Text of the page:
Now comes the ultimate decision; Pulled Apart By Horses or Snoop Dogg. With the whole idea of Snoop Dogg being in a field in Derby, it’s a pretty quick decision to make, but after waiting an extra ten minutes (not long, we know) for the rapper to appear on stage and watching several people get drugged up on MD in order to enjoy the legend himself, it’s time to head to catch the riff-lords, Pulled Apart By Horses. It’s a well-known fact by now that Pulled Apart By Horses are an insane live band, and there’s no doubt that if Snoop Dogg was not playing the main stage, the Giant Squid would be rammed. But despite the smaller crowd, the Leeds rockers manage to instill the same crazy reaction had there been hundreds more people present. Bumbling around in the pit for old favourite, ‘Moonlit Talons’, were the lovely JOHN, Tom Hudson’s (vox and guitars) dad and brother, and the lead singer of Max Raptor. Pulled Apart By Horses always put on a blinding performance and play every show as if it was there last. This performance marks no exception. From their exciting records and unforgettable live performances; Pulled Apart By Horses have got everything.
Time to re-fuel on alcohol and almonds and head to the after-party at the Quarry. The Quarry Stage was turned into a house DJ’s dream, pummelling out music that sounds like the same song stuck on repeat. After twenty minutes, it begins to get tedious so a venture to anywhere else seems like a good idea… until there’s a realisation that every other tent sounds the same and the only one remotely different is the silent disco where there’s a big-ass queue in the freezing cold. But saying that, the festival afterlife was much more exciting than some of the other festivals on the similar-sized circuit and the silent disco, from the shouts of those involved, seems like it would’ve been a bundle of laughs. We decided to hit the hay and prepare ourselves for the next day at Y Not Festival.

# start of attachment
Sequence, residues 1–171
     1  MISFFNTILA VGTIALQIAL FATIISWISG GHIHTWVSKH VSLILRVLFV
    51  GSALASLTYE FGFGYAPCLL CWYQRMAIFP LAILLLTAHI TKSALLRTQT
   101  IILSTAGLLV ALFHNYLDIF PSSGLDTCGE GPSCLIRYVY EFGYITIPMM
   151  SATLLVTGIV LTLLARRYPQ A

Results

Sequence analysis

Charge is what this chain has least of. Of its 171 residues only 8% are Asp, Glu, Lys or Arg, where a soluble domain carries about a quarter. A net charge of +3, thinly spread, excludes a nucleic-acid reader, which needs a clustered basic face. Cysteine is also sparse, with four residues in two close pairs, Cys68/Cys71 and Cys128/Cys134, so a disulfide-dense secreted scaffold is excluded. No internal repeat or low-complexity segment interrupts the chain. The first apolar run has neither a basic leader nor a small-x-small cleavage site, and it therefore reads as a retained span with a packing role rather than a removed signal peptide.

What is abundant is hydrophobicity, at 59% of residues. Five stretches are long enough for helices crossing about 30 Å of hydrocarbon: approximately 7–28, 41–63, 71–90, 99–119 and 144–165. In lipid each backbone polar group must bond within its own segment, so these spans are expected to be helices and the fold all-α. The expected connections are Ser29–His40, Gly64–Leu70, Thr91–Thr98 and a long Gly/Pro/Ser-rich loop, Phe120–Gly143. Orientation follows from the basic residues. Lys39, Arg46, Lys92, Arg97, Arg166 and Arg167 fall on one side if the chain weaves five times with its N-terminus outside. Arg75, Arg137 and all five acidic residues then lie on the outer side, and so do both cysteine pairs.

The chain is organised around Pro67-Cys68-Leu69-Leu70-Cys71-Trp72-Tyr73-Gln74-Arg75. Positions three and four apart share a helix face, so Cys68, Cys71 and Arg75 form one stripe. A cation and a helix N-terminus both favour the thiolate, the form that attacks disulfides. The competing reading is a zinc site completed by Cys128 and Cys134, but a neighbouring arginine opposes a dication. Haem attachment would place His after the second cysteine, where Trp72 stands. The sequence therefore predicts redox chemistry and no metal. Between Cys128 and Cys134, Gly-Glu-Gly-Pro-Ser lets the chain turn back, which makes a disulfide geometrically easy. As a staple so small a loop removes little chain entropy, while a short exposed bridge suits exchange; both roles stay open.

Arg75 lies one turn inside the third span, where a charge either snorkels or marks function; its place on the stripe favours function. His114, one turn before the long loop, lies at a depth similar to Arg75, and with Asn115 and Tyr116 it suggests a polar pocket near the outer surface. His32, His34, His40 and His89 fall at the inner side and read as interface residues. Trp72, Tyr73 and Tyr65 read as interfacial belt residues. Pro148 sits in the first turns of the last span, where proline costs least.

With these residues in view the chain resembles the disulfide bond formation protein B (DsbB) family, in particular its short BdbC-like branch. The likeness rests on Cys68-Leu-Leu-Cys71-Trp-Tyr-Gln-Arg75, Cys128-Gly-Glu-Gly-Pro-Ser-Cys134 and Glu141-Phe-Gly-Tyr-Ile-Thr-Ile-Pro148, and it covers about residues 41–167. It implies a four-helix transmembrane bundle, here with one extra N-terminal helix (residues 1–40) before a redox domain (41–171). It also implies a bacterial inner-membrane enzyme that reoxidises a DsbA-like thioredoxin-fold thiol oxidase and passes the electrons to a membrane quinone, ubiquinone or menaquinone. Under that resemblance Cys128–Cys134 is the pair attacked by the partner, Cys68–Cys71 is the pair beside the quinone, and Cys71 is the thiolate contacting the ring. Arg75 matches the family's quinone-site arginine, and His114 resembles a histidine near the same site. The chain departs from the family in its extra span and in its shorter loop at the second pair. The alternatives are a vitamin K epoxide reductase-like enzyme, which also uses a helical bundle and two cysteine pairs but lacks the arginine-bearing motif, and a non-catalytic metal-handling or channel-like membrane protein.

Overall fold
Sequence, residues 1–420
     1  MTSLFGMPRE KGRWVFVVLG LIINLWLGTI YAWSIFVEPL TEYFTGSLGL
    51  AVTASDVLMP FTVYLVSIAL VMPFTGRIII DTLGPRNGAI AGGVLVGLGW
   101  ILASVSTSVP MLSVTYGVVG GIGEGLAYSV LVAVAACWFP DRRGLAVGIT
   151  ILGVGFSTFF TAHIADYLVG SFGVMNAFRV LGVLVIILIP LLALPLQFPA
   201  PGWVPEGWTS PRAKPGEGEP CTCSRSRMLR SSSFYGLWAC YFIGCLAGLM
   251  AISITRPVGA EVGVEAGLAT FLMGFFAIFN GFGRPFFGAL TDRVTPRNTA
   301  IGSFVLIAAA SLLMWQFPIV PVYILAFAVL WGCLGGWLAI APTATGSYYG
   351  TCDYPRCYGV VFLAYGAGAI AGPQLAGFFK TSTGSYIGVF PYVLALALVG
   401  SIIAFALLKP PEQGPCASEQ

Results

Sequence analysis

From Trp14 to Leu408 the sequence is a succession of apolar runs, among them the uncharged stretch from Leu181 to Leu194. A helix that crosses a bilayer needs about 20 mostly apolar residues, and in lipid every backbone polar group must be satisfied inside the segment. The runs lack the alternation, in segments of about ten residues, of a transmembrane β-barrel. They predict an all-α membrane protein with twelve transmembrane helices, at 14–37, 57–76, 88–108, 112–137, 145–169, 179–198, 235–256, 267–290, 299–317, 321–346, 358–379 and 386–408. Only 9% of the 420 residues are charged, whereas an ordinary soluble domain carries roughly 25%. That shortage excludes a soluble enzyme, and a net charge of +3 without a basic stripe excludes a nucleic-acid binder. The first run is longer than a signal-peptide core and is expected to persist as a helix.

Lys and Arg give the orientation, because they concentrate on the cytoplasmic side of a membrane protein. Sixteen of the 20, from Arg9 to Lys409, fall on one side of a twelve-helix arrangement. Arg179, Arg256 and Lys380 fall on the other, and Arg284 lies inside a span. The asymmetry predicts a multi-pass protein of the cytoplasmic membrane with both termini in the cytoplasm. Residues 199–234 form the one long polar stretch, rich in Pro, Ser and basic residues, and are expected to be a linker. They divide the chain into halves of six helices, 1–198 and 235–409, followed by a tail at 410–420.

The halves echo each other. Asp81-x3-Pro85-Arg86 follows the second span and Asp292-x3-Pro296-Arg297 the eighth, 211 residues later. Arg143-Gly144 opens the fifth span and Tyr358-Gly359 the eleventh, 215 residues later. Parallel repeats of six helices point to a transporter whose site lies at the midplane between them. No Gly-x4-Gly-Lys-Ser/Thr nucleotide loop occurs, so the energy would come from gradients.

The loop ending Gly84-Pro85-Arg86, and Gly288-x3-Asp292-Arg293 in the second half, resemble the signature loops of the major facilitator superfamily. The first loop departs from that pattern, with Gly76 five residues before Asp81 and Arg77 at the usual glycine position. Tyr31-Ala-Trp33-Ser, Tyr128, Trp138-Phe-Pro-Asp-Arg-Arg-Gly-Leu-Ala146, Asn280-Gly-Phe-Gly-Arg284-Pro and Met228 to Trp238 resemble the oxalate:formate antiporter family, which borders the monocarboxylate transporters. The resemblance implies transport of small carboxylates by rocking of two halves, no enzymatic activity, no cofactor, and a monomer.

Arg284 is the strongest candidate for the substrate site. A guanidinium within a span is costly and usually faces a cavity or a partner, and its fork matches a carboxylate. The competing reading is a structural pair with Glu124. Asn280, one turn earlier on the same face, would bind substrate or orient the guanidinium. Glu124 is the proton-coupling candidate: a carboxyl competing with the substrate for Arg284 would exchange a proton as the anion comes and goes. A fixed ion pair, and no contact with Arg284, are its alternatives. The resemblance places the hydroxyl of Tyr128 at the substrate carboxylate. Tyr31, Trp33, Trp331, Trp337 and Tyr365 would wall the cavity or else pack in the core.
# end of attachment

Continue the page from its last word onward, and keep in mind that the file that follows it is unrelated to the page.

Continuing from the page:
Featured image by Ross Silcocks Entirety Labs